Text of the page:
In the recent New York primaries, Bernie Sanders experienced some very cold water thrown in his face. Not only did he lose, and soundly, but he was served a major lesson about one of the primary deficiencies in his campaign.
While the pundits joined his campaign organizers in attributing Hilary Clinton's victory to her past as Senator from the state, most have ignored the problem the this defeat laid bare: Sanders' campaign is weakest among people of color and, among black people, it has virtually no constituent support.
In today's United States, you can't become the Presidential candidate of the Democratic Party without that support. Bernie doesn't have it and probably won't get it and so those of us who support his candidacy -- which merits support for his integrity, thinking and progressive commitment -- are left to analyze why and observe with frustration what could have been. Had Bernie Sanders done a few things differently, he could well have been our next President.
The tale of woe spins on a problem that will plague the Democratic Party from now on if it doesn't make the needed adjustment, an adjustment that movements of struggle all over this country have been trying to make for the last 15 years. It starts by answering a simple question: What exactly is the role of people of color, particularly those of African descent, in American politics and how does a progressive campaign like Bernie's recognize and address that role?
There's an old saying leaders in movements of color use in talking about the white-dominated sections of the U.S. left: "When do we get to sit at the table?" It refers to the ritual among left-wing movements in which white people, mainly men, get together around an issue, formulate the strategy and positions, and then start searching for a "representative" person of color to join their leadership. It has been the norm in some movement politics for almost a century. In fact, it continues today among many movements including those around technology and the protection of Internet rights and, well, Bernie's campaign.
It's a lesson the Left and progressive mass movements are now learning. During the last 20 years, black leadership and leadership of other peoples of color (abounding as a result of affirmative action education and the rise of the social justice movement) have taken over many of the major struggles in this country. The segregation has continued in some quarters but there is clearly a preponderance of leaderships of color in, to name just a few, the struggles over media control, survival of cities, labor and workers' rights, women's rights, land rights and the rights of people to determine the use of their local environments -- all of these are led by people of the global majority.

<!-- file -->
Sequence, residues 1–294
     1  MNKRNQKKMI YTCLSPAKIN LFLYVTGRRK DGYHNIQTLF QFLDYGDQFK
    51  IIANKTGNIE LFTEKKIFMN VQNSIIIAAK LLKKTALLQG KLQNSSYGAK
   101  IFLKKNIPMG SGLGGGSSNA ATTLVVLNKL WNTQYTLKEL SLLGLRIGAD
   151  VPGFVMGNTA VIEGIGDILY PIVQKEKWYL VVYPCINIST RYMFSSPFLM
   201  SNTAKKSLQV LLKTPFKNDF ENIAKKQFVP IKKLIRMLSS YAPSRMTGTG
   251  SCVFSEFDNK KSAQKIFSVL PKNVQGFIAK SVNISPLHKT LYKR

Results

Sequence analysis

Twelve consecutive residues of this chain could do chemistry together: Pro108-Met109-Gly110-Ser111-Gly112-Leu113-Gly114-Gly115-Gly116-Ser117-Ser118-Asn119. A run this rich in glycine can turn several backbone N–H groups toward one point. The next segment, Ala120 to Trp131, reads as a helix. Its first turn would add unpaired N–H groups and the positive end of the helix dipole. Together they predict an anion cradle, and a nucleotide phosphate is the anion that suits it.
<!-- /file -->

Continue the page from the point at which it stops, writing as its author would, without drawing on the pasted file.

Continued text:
Enter Bernie Sanders, a brilliant politician who is so forward-looking in so many places that it's perplexing that his campaign hasn't made that adjustment.
When activists from the Black Lives Matter movement, one of the country's major movements of response and resistance, demonstrated at the Netroots Nation conference in 2015, Sanders took the most progressive line of the candidates confronted but was still clearly flustered. The opportunity to make a statement that would win over those activists and impact the thinking of people of color nationally drifted by him in a cloud of confused embarassment. He tried but nothing he could come up with would work and that's because he just didn't understand what to come up with.
Instead, in a move that actually angered many movement leaders of color, he appointed a black woman to his campaign leadership -- exactly the attitude that has tokenized the dinner table for so many decades.
Voting results show it hasn't worked and the many activists of color who support his candidacy have been left frustrated. Clearly most left-wing activists of color support him because, as he points out, the program he espouses would positively affect all lives, including the lives of their communities. Supporting the most progressive Presidential campaign in modern history just plain makes sense for an activist.
What, then, should he have done? The "quiet conversation" among movements of color is that he should have eschewed the "join our table" tendency and consulted these people early in his campaign: called them together to develop the relevant planks of his electoral platform. And what would they have told him? To avoid the "trickle down" politics he has espoused and speak on the "particular issues" that affect their peoples. There are many of them but, to illustrate, let's take three.
Reparations -- This is controversial because most people in this country don't understand it. No one is asking the government to send a check to every black family or to "pay them off" for what racism has done. This is about building a program of vitalization of black lives because people of African descent have played a decisive role in the economy and social success of the United States and they have gotten nothing but inequality and pain in exchange.
In the murky debates around race and racism, what is often lost or not even broached, is the role people of African descent played in building this country's economy through the production of its principal and most lucrative crops to the development of a sophisticated banking system in which black people themselves were the collateral.